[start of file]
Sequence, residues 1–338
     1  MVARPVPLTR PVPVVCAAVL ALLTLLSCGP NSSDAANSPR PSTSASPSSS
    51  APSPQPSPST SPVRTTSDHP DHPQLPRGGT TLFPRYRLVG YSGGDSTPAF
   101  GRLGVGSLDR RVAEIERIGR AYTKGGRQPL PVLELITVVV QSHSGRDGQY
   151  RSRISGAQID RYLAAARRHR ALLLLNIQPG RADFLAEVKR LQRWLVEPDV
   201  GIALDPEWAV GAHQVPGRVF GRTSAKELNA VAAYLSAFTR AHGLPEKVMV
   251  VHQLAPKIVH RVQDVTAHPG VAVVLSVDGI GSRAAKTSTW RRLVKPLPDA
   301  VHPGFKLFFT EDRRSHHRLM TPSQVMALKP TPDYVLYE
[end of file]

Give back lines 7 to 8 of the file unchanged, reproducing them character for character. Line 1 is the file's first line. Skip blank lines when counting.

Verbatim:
   251  VHQLAPKIVH RVQDVTAHPG VAVVLSVDGI GSRAAKTSTW RRLVKPLPDA
   301  VHPGFKLFFT EDRRSHHRLM TPSQVMALKP TPDYVLYE